Lindis Pass

Image: Shellie Evans | ©

Introduction

This area of high country is possibly New Zealand's best known tussock grassland landscape. It provides recreational opportunities from short walks to challenging mountain-biking and tramping trips.

Place overview

Activities

  • Mountain biking
  • Walking and tramping
  • Stop the spread of didymo and other freshwater pests.

    Remember to Check, Clean, Dry all items before entering, and when moving between, waterways.

Find things to do and places to stay Lindis Conservation Area

About this place

Nature and conservation

Snow tussock grassland dominates the landscape. Longslip Mountain (1494 metres) has one of the most extensive sites of the buttercup ranunculus haastii in the Mackenzie Basin.

This area of high country provides a stunning visual backdrop for motorists travelling over Lindis Pass, possibly New Zealand's best known tussock grassland landscape.

Wildlife

The high alpine ridges, rock bluffs, screes and snow-tussock grasslands host the New Zealand falcon/kārearea, New Zealand pipit/pihoihoi and spotted skink while lower altitude shrublands and beech forests provide habitat for fantail/pīwakawaka, grey warbler/riroriro and rifleman/tītitipounamu.

Getting there

There are three main entrance points to conservation land in this region:

  • A car park approximately 11 km along Birchwood Road in the Ahuriri Valley. 
  • A car park on SH8 at Dalrachney road bridge.
  • A car park signposted on the Otago side of Lindis Pass.

Know before you go

Day walkers and overnight trampers need to plan properly and be well equipped. The NZTopo50 map sheet CA14 Lindis Pass is recommended. 

Lindis Conservation Area map (PDF, 316K)

Weather

In summer, very hot and dry conditions are common. Make sure you carry plenty of water and have adequate protection against the sun. Alpine conditions may be experienced at any time of the year, with the higher country subject to snow and ice during the winter months.

Ensure you carry warm and waterproof clothing and wear sturdy boots. Be prepared.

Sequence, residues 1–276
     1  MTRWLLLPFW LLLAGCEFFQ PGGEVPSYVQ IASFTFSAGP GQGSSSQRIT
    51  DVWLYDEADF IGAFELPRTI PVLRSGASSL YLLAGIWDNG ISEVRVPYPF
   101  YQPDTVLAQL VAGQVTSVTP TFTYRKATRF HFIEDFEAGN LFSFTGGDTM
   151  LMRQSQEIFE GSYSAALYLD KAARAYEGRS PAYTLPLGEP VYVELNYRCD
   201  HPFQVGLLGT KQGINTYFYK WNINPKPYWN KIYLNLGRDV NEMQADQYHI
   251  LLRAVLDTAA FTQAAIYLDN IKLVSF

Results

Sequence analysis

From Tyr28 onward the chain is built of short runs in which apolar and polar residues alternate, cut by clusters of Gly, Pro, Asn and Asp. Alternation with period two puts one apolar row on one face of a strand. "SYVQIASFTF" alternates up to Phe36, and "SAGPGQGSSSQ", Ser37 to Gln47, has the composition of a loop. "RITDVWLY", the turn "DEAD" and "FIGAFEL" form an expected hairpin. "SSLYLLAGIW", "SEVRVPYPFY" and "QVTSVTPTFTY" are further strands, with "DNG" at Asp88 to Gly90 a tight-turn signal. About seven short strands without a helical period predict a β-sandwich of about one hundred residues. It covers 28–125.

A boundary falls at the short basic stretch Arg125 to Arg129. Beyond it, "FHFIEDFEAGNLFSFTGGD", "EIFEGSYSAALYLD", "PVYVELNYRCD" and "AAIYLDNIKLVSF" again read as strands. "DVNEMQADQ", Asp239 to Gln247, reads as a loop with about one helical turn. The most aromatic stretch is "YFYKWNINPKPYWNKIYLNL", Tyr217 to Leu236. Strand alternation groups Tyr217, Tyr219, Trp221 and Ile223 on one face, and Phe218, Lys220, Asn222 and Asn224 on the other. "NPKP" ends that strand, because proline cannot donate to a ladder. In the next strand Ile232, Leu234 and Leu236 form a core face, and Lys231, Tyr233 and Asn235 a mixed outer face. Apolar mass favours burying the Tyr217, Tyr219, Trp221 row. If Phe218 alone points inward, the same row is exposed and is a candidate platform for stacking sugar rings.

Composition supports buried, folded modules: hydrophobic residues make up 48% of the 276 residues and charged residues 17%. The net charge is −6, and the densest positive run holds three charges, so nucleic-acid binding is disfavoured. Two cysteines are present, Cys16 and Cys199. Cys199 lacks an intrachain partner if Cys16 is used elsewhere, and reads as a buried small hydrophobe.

Public access easements

There are public access easements crossing through several working high-country stations. Always respect the landowner’s livestock and property; stay on the marked track until you reach the conservation land, leave gates as you find them and use stiles where provided.

For your safety

River crossing: Treat all rivers and streams with respect. Be aware of recent weather conditions. Do not attempt to cross swollen rivers or streams.

Fire: Fire restrictions apply to all public conservation land. Check with local information centres or DOC for the current fire status.

Communications: Cell phone coverage cannot be relied upon in this region. The use of satellite phones, mountain radios or personal locator beacons can all provide increased personal safety.

Hunting

Hunting is confined to public conservation land. As Longslip, Breast Hill and Dalrachney stations border this land it is important that hunters confirm the status of the area in which they intend to hunt. Hunters need to obtain a hunting permit from the local DOC office. Hunting in Twizel Te Manahuna area.

Contacts

Te Manahuna / Twizel Office
Phone:   +64 3 435 0802
Fax:   +64 4 471 1117
Email:   twizel@doc.govt.nz
Address:   15 Wairepo Road
Twizel 7901
Postal Address:   Private Bag
Twizel 7944
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